Integranet Physician Resource v. Texas Independent Providers, No. 18-20659 (5th Cir. 2019)

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Justia Opinion Summary

After IntegraNet filed suit against a former-employee owner in state court and the case was removed to federal court, IntegraNet then filed suit against the former-employee owner in state court for another claim. The district court consolidated the cases and sua sponte barred IntegraNet from filing another case against appellees without the judge's permission.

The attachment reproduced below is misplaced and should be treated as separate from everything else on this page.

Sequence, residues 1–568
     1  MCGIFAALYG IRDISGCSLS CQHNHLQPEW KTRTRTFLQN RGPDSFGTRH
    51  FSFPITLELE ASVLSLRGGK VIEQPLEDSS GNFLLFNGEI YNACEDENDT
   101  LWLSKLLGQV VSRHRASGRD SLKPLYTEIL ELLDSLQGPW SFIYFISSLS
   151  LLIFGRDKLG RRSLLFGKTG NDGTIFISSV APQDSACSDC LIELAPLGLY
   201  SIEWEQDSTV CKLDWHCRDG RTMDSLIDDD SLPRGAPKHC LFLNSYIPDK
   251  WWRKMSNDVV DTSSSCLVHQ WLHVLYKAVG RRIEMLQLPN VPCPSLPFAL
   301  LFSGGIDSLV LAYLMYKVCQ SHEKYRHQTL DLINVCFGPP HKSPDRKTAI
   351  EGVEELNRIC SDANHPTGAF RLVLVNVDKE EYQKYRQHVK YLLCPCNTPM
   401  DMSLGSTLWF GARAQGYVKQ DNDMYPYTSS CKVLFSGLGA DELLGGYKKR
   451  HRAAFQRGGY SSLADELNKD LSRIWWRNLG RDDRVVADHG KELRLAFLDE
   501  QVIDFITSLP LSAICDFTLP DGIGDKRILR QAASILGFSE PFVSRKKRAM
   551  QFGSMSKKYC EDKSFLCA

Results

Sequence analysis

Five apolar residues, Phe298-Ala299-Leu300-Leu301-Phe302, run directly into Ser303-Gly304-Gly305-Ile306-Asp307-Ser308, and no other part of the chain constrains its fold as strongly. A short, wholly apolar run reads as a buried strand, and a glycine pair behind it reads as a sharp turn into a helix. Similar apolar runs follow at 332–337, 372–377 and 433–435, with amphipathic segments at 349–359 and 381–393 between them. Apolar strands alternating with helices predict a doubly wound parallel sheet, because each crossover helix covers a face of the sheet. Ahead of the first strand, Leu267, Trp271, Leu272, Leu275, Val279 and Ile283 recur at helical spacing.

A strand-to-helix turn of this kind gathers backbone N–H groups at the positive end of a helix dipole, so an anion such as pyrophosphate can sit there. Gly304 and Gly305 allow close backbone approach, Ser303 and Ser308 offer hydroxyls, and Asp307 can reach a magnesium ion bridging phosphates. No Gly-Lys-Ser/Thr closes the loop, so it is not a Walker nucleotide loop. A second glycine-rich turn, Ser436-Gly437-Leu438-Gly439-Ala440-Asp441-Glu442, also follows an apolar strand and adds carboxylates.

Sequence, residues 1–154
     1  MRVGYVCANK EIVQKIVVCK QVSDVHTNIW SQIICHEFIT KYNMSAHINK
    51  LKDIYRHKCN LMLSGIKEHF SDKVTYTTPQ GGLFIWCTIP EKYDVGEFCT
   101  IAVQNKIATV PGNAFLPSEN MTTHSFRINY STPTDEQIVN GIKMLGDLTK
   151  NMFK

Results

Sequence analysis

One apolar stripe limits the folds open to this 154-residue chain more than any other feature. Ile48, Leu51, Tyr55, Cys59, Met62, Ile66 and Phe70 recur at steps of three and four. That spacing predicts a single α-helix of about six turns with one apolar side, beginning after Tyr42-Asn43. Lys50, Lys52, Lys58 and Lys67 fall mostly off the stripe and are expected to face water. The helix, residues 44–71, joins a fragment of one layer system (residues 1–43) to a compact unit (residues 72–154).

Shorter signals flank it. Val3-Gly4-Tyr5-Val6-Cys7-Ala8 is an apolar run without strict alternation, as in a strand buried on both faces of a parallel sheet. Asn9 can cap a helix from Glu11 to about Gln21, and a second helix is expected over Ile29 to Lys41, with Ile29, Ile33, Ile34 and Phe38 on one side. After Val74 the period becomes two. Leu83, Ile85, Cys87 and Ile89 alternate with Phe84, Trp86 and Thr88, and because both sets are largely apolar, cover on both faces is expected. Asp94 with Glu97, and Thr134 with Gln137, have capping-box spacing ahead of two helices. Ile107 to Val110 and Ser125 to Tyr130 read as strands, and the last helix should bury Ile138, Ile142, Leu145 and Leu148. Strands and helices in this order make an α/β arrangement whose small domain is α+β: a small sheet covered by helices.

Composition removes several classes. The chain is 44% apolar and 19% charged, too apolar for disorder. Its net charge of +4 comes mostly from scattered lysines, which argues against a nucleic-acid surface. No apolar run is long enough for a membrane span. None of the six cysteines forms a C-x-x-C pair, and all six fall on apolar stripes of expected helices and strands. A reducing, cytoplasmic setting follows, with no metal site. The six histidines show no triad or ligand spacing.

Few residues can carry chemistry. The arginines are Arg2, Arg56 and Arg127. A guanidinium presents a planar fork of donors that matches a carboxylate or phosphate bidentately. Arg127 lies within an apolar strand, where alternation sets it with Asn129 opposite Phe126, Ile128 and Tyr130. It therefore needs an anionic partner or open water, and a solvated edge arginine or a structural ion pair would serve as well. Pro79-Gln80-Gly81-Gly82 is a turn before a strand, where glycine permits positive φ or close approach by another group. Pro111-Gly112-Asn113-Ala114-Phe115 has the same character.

The Fifth Circuit held that the district court abused its discretion in exercising jurisdiction in light of Enochs v. Lampasas County, 641 F.3d 155, 161 (5th Cir. 2011), which held that courts are instructed to examine their jurisdiction at every stage of the litigation; consolidation was inappropriate, because the primary lawsuit lacked a basis for federal jurisdiction; and the lack of federal jurisdiction also rendered the pre-filing injunction improper. Accordingly, the court reversed the consolidation order, vacated the injunction, and remanded both claims with instructions to the district court to remand the Texas state law claims to the Texas state court from which the cases were removed.